462 R.E.M. – Document: Ground zero for the American flavour of grating indie pop beloved of students. This wouldn’t be so bad if it weren’t for the images it conjures in the mind of flannel-wearing hippies flouncing about to it with their eyes closed and their arms outstretched; a wry, knowing smile at their own rebellious nature playing across their lips. Urgh.
461 Public Image Ltd – Metal Box: This is a joke, right? I’m all for experimentation, but this is less wildly improvisational and more bafflingly tedious. It sounds like the first rehearsal of a bunch of spotty teenagers who have learnt three chords each and now feel equipped to start destroying modern music from within. And anyway, what the hell is Johnny Rotten’s problem? Is there any frontman in the history of music with any less charisma? Oh wait! Sorry, forgot Ian Brown. This is like fingernails inching down a chalkboard, except made to last for ever. Every now and again the first 30 seconds of a song seem to hold a nugget of promise, but then it spills back over into tedious bilge.
460 Hole – Live Through This: Oh thank fuck for that. This album has stayed with me, even when I’ve long since grown bored of its peers. Brilliantly snarling grungy punk, whose feminist rage is forever justified by people still assuming Kurt must have written most of the songs, because surely a girl can’t write songs that good?!
459 The Drifters – The Drifters’ Golden Hits: Snooooooooooooooooooooooooze.
458 Elton John – Tumbleweed Connection: I grew up in a world where Elton John was an idiot peddling generic 1980s pop, completely unaware that such gems as this existed. Now my favourite Elton album, mainly because of the magnificent My Father’s Gun. Brilliant Americana with tinges of British RnB and Detroit soul.
457 My Morning Jacket – Z: Perfectly pleasant but underwhelming lo-fi American indie. Which seems to be my most oft-repeated phrase in this task.
456 Marvin Gaye – Here, My Dear: Marvin Gaye can only ever be one of two things; a titan of American Soul with a voice as smooth as butter and songs that perfectly match their lofty ambitions, OR a terribly generic hack issuing a slightly-troubling stream of misogynistic bilge. Sometimes he is both of these in the same song. Unfortunately this album is entirely the latter. Also, the album cover is just about the worst thing I’ve ever seen.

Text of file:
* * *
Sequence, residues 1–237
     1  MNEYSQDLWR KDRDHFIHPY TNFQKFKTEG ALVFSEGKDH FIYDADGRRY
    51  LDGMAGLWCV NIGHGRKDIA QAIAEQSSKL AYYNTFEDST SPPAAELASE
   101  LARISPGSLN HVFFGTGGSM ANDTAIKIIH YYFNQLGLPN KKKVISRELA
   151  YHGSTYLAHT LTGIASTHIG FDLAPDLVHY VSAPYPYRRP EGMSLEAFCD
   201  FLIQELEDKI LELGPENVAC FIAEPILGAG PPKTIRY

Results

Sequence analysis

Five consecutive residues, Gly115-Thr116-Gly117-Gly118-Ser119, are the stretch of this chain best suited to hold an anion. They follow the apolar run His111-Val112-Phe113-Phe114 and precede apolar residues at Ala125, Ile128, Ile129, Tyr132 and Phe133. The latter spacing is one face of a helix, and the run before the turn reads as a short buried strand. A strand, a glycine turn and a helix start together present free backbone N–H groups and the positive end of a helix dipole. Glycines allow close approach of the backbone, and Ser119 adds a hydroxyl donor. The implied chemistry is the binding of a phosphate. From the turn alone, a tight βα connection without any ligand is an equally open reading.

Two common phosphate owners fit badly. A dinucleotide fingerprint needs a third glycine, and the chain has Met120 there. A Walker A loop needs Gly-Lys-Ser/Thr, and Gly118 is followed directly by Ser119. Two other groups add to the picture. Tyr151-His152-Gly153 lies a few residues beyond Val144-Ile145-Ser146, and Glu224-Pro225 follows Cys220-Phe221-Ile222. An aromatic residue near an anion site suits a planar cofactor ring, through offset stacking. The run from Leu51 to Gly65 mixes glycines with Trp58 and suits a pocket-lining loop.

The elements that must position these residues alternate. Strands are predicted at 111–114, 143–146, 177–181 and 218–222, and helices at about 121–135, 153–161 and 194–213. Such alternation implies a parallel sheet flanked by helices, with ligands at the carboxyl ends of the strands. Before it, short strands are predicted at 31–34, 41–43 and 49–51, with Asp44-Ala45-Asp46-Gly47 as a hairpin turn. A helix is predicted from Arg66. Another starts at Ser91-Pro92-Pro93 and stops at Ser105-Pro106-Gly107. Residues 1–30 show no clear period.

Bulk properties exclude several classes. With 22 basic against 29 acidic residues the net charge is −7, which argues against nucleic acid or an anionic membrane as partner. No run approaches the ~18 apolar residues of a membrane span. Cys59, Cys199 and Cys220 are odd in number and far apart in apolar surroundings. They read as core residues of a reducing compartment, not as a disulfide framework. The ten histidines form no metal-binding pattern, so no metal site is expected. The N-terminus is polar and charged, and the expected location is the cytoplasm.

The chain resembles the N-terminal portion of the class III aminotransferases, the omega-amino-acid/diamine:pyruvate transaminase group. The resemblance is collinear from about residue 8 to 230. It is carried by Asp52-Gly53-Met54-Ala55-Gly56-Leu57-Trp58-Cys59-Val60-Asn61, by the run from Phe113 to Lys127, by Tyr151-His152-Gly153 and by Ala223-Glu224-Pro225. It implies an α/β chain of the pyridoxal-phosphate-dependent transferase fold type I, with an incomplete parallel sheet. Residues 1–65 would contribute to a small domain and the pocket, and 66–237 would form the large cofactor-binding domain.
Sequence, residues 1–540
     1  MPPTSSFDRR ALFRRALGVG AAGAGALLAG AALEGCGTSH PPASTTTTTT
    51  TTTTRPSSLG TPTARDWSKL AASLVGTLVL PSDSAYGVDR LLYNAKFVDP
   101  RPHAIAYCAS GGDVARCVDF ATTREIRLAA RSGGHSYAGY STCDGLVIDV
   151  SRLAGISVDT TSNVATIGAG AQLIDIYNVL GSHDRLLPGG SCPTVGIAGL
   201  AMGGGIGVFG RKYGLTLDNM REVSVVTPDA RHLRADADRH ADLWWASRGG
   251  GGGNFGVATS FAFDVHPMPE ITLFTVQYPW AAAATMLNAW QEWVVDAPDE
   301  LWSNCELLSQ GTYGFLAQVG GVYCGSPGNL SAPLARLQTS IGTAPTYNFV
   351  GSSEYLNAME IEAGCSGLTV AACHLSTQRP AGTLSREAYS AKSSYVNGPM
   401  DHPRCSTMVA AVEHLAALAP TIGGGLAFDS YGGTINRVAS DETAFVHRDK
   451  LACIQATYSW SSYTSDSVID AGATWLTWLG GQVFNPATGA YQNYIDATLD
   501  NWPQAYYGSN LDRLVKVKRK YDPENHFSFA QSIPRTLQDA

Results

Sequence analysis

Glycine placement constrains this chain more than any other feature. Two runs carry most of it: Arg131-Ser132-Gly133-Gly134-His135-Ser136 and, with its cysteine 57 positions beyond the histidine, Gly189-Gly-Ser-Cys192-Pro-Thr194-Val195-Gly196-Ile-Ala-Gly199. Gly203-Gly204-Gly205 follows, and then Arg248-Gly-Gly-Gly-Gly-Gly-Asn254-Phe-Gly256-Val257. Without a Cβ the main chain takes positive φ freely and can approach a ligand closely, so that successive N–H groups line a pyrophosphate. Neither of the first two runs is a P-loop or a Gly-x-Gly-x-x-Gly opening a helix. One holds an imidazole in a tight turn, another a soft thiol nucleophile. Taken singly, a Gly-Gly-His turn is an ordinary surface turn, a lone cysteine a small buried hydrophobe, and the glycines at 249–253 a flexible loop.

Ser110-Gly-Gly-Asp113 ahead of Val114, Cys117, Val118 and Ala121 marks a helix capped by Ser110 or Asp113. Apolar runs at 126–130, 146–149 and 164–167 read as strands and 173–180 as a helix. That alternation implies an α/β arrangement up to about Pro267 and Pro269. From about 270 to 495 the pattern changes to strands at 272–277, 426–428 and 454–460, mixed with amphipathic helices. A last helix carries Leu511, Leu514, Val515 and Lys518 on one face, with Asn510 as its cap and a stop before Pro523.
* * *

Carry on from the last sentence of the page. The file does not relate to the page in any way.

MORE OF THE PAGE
455 Los Lobos – How Will the Wolf Survive?: Generic American AOR with occasional Mexican inflections. In fact the more Mexican it gets, the more I enjoy it. I can imagine these songs playing in the background of any number of 1980s films, which is actually not surprising since a quick trip to Wikipedia reveals Los Lobos to have been on the soundtrack to every film produced in the last thirty years with Hispanic people in it. But this doesn’t have La Bamba on it, which is disappointing.
454 Alice Cooper – Love It to Death: It’s not exactly dated well, this, but there’s still something inherently charming about this slice of theatrical shock rock. Even the slightly dodgy references to ‘black juju’ are charming, somehow. Plus you have to respect someone as ugly as Vincent Furnier managing to make it as a major rock star.
453 EPMD – Strictly Business: The fact that I’d never heard this album and yet I own all the albums of Jurassic 5 speaks volumes about just how white I am. Funk driven laid back hip hop from 1988 that sounds like it was recorded at least ten years later. Really like this.
452 John Prine – S/T: So, as a consequence of doing these lists, I find that I’m now starting to really fucking hate country music. This is (apparently) a winning mix of country, folk, bluegrass and humour, if Wikipedia is to be believed. I would call it tedious, intellectually stagnant and as much fun as genital herpes. Next.
451 Amy Winehouse – Back to Black: Give a warm welcome to the new poster-child for generic Brit soul, taking over for Beverley Knight. She had a good voice, she had a decent production, and she made pop music that had enough soul in it to draw in the kind of people who get all their cues about music from Jools Holland’s Hootenanny. I could not give less of a fuck.
450 Jackson Browne – For Everyman: Do you know what this list really needs more of? Tedious Country-Folk-Rock from the 1970s! So thank Big Jock Christ for Jackson Browne, because there just isn’t enough bland arse-drip in the world already. Jesus fucking wept. Then he took a deep breath and wept some more.
Can I stop now? Just for a while. I need to lie down in a bath of shattered ice and discordant guitars. Tune in for the next exciting installment, wherein I must to listen not one but TWO ‘arresting’ albums by The Police. It’s therefore entirely possible that part three of this epistle may be coming to you live from a Belmarsh prison cell. Ta-ra!